6 Factors to Consider When Comparing Student Loan Companies

 March 30, 2021
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Private Student Loan rates starting at 0.99% APR

0.99% to 11.98% 1
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1.13% to 11.23% 2
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0.99% to 11.44% 3
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  • Variable APR

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If you’re planning on borrowing student loans for college, it’s crucial to understand the difference between federal and private loans. And there are a lot of differences, from the typical interest rate for different student loans to their special benefits and credit requirements.

Most students should borrow federal loans before turning to private ones, due to their relatively low rates and flexible repayment options. But if you need additional funding, you might choose to borrow from a private lender. And here, there are also big differences, depending on which company you borrow from.

To help you with this very important decision, let’s discuss…

Choosing between federal student loans and private student loans

First and foremost, you should look to federal student loans to finance your education. Federal loans can be a better option for students because:

  • The government pays interest on subsidized federal loans while you’re still in school.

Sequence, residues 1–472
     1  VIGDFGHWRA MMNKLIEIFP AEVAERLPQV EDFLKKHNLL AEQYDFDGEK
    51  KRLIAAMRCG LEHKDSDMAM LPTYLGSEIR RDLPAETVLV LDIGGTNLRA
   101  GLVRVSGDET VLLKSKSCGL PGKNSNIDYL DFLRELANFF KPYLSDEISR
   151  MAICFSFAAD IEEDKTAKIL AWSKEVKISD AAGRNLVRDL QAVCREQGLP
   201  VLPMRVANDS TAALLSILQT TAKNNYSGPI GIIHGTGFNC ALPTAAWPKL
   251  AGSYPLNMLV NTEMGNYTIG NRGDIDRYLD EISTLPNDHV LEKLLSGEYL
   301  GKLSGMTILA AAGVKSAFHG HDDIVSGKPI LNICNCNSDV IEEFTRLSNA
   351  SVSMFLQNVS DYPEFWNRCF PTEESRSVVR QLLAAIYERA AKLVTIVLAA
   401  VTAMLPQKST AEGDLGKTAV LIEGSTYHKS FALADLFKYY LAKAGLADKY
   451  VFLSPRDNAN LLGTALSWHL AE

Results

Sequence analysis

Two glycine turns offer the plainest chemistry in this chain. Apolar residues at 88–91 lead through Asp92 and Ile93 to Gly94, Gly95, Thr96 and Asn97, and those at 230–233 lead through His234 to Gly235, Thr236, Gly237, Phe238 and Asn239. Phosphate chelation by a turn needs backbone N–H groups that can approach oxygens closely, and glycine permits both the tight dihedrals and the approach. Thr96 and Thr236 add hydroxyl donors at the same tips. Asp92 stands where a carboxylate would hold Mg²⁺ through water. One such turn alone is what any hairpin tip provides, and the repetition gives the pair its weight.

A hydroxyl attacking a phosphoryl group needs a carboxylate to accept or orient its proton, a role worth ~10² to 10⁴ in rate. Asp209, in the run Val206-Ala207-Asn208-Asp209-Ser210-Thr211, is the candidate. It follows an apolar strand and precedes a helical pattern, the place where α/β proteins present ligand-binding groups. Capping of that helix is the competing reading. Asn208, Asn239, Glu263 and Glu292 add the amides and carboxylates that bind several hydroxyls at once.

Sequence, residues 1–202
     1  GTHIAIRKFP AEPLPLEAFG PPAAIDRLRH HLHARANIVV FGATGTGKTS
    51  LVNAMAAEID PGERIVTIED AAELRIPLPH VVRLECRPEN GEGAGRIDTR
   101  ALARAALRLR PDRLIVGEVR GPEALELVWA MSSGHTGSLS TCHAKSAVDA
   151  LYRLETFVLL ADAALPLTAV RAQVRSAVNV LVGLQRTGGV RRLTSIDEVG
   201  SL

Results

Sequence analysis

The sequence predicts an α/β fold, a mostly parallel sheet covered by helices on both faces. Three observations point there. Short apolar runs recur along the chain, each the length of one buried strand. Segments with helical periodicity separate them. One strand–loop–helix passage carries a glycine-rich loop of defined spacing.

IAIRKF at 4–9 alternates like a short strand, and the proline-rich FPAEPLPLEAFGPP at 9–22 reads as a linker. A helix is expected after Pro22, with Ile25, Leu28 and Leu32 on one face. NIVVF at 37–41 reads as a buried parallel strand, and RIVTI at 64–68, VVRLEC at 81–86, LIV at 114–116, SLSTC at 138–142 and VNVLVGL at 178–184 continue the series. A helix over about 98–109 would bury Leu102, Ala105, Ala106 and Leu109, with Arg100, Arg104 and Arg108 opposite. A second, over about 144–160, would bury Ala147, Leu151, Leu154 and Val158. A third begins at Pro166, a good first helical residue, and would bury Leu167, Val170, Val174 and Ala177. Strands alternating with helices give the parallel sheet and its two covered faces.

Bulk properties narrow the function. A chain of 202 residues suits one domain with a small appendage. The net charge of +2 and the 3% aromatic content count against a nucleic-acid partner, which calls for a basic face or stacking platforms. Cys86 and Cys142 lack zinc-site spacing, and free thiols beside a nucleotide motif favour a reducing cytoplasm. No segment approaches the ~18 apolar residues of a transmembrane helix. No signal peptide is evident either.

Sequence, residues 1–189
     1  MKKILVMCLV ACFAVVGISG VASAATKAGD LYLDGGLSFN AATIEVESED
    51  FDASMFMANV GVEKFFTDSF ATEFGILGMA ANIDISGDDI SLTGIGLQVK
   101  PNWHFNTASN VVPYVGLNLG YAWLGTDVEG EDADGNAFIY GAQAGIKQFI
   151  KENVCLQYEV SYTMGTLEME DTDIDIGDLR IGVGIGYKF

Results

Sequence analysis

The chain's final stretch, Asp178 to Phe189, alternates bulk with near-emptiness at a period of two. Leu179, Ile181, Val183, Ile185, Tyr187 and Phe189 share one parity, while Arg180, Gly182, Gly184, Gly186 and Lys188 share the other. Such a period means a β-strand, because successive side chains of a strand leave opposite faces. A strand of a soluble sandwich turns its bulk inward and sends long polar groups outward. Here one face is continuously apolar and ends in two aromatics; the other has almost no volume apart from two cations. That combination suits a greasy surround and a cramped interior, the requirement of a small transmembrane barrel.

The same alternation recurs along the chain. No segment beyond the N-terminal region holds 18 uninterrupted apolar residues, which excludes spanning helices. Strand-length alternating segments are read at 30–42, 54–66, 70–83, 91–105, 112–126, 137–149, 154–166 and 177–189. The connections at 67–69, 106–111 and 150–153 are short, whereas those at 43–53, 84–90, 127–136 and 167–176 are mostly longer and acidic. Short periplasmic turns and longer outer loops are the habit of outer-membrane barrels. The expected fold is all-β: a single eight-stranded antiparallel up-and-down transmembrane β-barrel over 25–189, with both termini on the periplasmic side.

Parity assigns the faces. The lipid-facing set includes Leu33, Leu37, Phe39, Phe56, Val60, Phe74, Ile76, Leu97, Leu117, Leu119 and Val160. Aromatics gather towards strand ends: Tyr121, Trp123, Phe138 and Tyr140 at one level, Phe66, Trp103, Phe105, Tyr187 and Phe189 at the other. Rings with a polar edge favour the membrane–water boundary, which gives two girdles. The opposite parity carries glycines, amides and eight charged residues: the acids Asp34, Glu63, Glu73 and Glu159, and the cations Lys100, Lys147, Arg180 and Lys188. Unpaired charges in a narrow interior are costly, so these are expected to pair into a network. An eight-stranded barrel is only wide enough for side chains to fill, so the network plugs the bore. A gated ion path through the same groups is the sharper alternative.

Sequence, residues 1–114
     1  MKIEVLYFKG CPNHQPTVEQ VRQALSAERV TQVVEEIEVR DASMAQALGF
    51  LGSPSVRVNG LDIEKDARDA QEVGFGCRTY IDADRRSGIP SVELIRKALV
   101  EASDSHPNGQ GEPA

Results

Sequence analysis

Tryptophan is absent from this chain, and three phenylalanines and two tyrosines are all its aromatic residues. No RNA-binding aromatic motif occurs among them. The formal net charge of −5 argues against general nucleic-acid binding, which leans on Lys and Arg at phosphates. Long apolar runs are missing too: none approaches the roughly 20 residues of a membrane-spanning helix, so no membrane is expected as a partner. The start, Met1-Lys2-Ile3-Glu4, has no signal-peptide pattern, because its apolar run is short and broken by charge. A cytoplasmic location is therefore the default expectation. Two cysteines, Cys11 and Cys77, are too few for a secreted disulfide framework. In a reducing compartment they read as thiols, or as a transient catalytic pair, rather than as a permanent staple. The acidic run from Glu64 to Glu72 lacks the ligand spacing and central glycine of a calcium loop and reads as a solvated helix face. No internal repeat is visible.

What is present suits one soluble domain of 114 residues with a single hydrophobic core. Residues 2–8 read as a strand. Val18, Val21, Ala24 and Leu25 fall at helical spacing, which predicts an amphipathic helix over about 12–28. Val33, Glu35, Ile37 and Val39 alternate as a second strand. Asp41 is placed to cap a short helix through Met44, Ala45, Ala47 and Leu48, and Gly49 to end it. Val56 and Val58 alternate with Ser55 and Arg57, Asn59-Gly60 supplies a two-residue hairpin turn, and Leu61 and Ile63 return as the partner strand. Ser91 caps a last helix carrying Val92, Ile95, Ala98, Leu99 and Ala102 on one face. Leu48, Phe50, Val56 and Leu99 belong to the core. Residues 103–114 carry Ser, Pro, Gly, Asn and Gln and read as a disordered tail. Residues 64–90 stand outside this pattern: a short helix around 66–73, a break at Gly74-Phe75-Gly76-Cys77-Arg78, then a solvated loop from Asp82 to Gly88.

• Federal loans have fixed, not variable, interest rates. So your monthly payments won’t change.
  • The typical interest rate on student loans from the federal government are lower than ones you’ll get on a private student loan. For the 2020-2021 year, subsidized and unsubsidized Direct loans for undergraduates have an interest rate of just 2.75%.
  • Federal student loans offer flexible repayment options, including income-driven repayment plans. That means you can keep your payments affordable.
  • Some students might be eligible for federal loan forgiveness after 10 years of working in qualifying public service jobs.

Thoroughly compare the differences between federal and private student loans before deciding which option is best for you.

Choosing between different private student loans

If you’ve borrowed all you can from federal loans, private student loans might be your second-best option to cover remaining educational costs.

If you’ll need to rely on private financing, compare these six key criteria to see which company offers you the best deal: